NEW YORK — Schools closed, governments sent workers home early and planes were grounded Wednesday in an all-too-familiar routine along the East Coast as another snowstorm swept over a region already beaten down by a winter not even half over.
‘‘I fell three times trying to get off the steps,’’ commuter Elliot Self said after leaving an elevated train in Philadelphia. ‘‘I just want the snow to stop. I want the sun again. I want to feel just a little bit of warmth.’’
Millions of people got that oh-no-not-again feeling as the wet and sloppy storm engulfed the Northeast, where snowbanks in some places were already so high that drivers couldn’t see around corners.
Classes were called off and commutes were snarled from Tennessee to New England as cars and buses slipped and slid on highways. The New York area’s airports, among the nation’s busiest, saw hundreds of delayed or canceled flights. Pedestrians struggled across icy patches that were on their way to becoming deep drifts.
Kentucky had half a foot of snow by Wednesday morning. Eight to 12 inches of snow was forecast for New York City, which had already seen 36 inches of snow this season in comparison with the full-winter average of 21 inches. New Jersey and Philadelphia could get up to 8 inches, and high winds are expected before the storm moves out early Thursday.
Since Dec. 14, snow has fallen eight times on the New York region — or an average of about once every five days. That includes the blizzard that dropped 20 inches on the city and paralyzed travel after Christmas.
Some places are running out of room to stash plowed snow.
Portsmouth, N.H., hauls its snow out to Peirce Island, but it was nearly full, with a huge mountain of the stuff.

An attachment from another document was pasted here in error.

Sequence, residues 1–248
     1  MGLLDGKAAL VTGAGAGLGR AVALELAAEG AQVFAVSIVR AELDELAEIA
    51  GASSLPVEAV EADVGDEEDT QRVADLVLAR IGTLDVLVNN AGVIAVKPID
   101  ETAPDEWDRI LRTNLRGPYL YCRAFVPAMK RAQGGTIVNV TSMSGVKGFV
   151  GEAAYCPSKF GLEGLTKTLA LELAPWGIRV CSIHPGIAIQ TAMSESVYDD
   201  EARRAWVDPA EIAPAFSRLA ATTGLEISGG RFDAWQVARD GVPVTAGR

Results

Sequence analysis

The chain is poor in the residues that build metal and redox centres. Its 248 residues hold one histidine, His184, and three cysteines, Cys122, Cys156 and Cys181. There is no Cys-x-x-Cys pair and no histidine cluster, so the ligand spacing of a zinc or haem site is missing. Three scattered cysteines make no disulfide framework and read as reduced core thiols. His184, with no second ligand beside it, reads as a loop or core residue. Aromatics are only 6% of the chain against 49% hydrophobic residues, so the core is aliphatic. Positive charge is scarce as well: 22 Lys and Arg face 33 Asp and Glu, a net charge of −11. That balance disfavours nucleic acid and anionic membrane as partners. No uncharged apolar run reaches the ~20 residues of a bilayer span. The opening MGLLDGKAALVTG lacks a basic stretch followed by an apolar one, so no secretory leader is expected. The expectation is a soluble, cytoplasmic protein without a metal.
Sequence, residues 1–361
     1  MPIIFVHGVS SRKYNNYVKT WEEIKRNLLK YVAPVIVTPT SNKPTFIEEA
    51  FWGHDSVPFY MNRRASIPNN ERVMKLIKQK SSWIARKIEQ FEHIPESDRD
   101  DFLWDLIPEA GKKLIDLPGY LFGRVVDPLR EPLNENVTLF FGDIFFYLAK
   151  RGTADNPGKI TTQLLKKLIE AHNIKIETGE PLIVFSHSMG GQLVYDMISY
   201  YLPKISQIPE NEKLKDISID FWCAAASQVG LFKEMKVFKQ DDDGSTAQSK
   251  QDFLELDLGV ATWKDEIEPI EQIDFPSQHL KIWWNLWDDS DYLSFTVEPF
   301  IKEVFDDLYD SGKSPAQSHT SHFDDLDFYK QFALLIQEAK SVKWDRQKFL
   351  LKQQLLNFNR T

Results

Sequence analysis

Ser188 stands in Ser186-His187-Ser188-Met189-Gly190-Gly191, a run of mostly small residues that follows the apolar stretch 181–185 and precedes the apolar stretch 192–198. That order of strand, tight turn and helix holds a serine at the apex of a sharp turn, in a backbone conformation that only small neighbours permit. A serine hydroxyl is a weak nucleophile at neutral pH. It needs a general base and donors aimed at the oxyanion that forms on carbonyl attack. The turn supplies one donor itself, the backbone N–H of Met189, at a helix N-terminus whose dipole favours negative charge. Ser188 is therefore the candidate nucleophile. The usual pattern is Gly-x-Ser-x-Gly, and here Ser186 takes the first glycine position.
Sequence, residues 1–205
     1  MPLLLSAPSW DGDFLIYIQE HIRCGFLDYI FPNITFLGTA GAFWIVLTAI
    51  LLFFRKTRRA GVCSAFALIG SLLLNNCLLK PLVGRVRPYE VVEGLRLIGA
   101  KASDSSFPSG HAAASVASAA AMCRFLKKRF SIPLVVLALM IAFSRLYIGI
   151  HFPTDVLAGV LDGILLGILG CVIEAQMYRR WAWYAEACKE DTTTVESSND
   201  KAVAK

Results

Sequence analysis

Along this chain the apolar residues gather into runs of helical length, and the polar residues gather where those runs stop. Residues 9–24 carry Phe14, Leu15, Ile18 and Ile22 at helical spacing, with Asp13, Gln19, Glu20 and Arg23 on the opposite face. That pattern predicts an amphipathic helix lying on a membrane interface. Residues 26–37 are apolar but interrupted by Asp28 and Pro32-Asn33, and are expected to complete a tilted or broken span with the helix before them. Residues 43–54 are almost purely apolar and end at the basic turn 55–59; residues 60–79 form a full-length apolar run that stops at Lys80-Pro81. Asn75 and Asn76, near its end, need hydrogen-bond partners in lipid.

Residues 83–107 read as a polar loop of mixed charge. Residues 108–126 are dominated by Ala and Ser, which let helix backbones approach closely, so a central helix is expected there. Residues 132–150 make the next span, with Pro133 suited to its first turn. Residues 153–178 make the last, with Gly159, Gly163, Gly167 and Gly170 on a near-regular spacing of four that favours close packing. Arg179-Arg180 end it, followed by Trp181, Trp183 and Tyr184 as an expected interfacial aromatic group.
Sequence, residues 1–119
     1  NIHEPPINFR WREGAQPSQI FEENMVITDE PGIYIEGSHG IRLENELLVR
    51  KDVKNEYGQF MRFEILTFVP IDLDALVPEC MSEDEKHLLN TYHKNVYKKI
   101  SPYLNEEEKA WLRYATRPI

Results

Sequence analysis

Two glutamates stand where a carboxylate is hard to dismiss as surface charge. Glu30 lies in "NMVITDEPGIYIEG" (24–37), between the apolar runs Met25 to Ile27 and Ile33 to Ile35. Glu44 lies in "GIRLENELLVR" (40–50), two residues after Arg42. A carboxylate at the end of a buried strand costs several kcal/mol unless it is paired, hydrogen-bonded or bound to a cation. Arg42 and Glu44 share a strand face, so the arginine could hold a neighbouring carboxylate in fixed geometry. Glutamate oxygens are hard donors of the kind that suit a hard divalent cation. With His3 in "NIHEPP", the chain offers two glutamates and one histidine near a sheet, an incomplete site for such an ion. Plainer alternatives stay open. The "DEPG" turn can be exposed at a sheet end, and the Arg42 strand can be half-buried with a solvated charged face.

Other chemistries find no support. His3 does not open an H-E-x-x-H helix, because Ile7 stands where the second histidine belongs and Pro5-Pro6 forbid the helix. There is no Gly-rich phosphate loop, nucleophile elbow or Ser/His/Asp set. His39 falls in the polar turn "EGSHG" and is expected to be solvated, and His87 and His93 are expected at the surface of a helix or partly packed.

‘‘We probably have a five-story snow dump right now,’’ said Portsmouth public works director David Allen. ‘‘It’s time to get a lift up on it and we could probably do a ski run.’’
For days, forecasters had been predicting rain, freezing rain or deep snow along the East Coast, but they weren’t quite sure who would get what. That unpredictability continued playing out as the storm swept from middle Appalachia into the Northeast.
In New Jersey, state workers were sent home early and schools closed as the storm brought more snow than anticipated Wednesday morning, with a second band of snow expected to deliver more in the evening.
In suburban Philadelphia’s Phoenixville, a delayed decision to call off classes angered parents when dozens of students got stranded at school. Eighty-seven buses had to be redirected to take students back home.
Parents and teachers in Tennessee were concerned about yet another day off from school Wednesday. Angela Wilburn, who teaches eighth grade at McMurray Middle School in Nashville, said students had missed eight days so far this year, pushing back her teaching schedule and making it hard to keep kids focused. She was worried about a writing test scheduled for February.